The adventures of Big-Foot Wallace, the Texas ranger and hunter Page: 188 of 323
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THE ADVENTURES OF
who were retreating from the field. My first impression
was that I had been struck with a nine-pound
cannon-ball. It kicked me heels over head, and I suppose
kept on kicking me after I was down, for when
I "came to" I found that my nose was unjointed and
two of my ribs stove in. I have since found that the
Mexicans never place them to the shoulder, but hold
them with both hands above their heads and fire at
random, which accounts in a great measure for the
little execution done by them.
But to come back to my story. The Mexicans received
us, as I said, with heavy discharges from these
escopetas, and after some sharp skirmishing we got
possession of a portion of the town, and the fighting
began in earnest.
Among us there were some of the best marksmen
in the world, backwoodsmen from Kentucky, Tennessee,
and Arkansas, and every "greaser" that ventured
to peep at us above the parapets of the houses, and
round the corners of the streets, was sure to get a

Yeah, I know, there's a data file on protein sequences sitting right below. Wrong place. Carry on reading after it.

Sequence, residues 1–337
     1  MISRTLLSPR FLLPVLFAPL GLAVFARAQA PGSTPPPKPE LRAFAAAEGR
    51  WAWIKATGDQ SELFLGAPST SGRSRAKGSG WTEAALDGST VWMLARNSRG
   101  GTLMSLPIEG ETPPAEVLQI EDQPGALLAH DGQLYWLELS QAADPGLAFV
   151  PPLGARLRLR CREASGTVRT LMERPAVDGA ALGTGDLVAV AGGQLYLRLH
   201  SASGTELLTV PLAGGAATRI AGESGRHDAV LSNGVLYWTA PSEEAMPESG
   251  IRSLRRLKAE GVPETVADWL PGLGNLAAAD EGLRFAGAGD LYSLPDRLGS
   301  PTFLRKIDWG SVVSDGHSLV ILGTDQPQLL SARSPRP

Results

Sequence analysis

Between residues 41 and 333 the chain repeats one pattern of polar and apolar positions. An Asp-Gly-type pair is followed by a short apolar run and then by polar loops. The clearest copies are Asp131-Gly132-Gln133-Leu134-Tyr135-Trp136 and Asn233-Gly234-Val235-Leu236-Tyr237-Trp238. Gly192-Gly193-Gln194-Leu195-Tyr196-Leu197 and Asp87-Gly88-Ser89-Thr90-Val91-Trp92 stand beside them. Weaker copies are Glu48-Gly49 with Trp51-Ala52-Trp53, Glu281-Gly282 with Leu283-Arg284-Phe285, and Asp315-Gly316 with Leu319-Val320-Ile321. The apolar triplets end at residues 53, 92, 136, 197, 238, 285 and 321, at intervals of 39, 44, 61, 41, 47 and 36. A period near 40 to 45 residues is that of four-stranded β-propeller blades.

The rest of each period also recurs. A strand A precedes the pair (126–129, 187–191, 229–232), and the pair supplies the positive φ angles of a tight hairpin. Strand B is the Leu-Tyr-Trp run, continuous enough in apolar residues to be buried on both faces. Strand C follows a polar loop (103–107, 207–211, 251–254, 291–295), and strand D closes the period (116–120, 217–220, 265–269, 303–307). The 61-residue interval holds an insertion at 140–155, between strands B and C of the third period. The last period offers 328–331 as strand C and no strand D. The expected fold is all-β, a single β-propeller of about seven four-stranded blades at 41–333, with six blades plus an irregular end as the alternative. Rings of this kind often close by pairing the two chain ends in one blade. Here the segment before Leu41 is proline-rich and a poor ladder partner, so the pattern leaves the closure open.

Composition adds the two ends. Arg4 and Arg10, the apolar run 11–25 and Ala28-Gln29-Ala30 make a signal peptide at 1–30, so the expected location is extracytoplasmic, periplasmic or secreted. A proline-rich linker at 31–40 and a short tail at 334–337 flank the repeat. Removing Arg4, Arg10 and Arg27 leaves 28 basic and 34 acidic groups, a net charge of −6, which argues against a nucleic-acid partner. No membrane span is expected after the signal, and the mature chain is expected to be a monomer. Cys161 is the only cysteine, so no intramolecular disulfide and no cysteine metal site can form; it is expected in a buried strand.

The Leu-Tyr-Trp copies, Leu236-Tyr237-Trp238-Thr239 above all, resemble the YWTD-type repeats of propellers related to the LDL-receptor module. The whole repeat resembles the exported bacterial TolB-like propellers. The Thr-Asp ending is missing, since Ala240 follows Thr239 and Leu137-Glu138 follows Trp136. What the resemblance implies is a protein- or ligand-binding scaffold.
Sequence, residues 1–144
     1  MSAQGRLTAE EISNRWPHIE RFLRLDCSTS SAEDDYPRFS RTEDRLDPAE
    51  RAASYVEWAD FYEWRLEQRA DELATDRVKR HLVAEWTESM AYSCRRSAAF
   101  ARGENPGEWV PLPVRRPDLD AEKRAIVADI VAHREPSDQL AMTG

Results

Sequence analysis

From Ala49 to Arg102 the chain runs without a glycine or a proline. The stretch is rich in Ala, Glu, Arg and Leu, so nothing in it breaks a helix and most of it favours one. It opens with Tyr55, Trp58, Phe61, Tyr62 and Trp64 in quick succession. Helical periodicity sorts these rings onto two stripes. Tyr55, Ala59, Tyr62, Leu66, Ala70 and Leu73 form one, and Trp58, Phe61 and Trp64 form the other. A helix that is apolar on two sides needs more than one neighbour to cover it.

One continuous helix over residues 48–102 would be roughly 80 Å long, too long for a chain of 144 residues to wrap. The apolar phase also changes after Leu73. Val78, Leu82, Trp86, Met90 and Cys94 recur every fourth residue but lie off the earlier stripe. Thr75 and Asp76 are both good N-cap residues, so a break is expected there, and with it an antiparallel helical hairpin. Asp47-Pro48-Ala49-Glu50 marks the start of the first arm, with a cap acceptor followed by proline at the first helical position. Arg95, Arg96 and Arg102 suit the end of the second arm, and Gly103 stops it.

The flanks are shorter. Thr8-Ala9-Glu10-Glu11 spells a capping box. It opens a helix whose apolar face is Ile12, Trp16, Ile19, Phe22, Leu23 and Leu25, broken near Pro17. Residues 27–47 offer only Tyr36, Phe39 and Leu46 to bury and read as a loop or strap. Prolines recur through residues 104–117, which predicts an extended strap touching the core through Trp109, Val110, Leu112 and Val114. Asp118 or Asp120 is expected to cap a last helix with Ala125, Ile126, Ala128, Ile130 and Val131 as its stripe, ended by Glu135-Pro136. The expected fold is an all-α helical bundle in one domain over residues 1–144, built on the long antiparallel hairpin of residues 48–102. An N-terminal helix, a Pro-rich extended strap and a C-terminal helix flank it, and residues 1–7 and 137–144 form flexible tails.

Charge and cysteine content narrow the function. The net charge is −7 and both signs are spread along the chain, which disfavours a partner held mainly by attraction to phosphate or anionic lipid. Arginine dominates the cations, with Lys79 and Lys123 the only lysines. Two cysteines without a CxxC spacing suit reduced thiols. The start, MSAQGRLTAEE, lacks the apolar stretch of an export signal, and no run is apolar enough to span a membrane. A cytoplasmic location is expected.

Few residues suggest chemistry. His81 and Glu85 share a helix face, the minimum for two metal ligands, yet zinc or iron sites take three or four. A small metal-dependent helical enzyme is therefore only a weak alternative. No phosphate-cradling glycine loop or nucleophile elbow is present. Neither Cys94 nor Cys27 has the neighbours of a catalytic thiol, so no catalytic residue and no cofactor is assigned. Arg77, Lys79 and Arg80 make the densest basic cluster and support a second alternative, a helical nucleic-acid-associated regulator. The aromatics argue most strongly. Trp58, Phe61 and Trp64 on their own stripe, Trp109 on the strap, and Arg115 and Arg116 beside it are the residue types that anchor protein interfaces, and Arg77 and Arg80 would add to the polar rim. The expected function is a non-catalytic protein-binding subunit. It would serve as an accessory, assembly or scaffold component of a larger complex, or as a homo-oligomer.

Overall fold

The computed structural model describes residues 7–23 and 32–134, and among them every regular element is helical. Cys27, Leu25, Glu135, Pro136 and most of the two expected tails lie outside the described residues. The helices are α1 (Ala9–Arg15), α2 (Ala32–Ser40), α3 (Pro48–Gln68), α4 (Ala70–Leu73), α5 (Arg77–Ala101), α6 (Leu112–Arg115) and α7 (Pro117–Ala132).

bullet through his head.
In the meantime, with crowbars and picks, some of
us were busily engaged in breaking through the stone
walls of the buildings, and in this way we were rapidly
advancing toward the "square," in the centre of the
town. Night, however, came on and put an end, for
the time, to the contest.
So far, we had lost but one man killed (Major
Jones, former Postmaster-General of the Republic).
The Mexican loss must have been considerable, but
we had no means of ascertaining the extent of it.
Just as the fight ended, two or three of us had
picked our way into a room, where we found a table
Here’s what’s next.
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Duval, John C. The adventures of Big-Foot Wallace, the Texas ranger and hunter, book, 1870; [Macon, Ga.]. (https://texashistory.unt.edu/ark:/67531/metapth5831/m1/188/?search=%22con+carne%22/: accessed September 22, 2020), University of North Texas Libraries, The Portal to Texas History, https://texashistory.unt.edu; .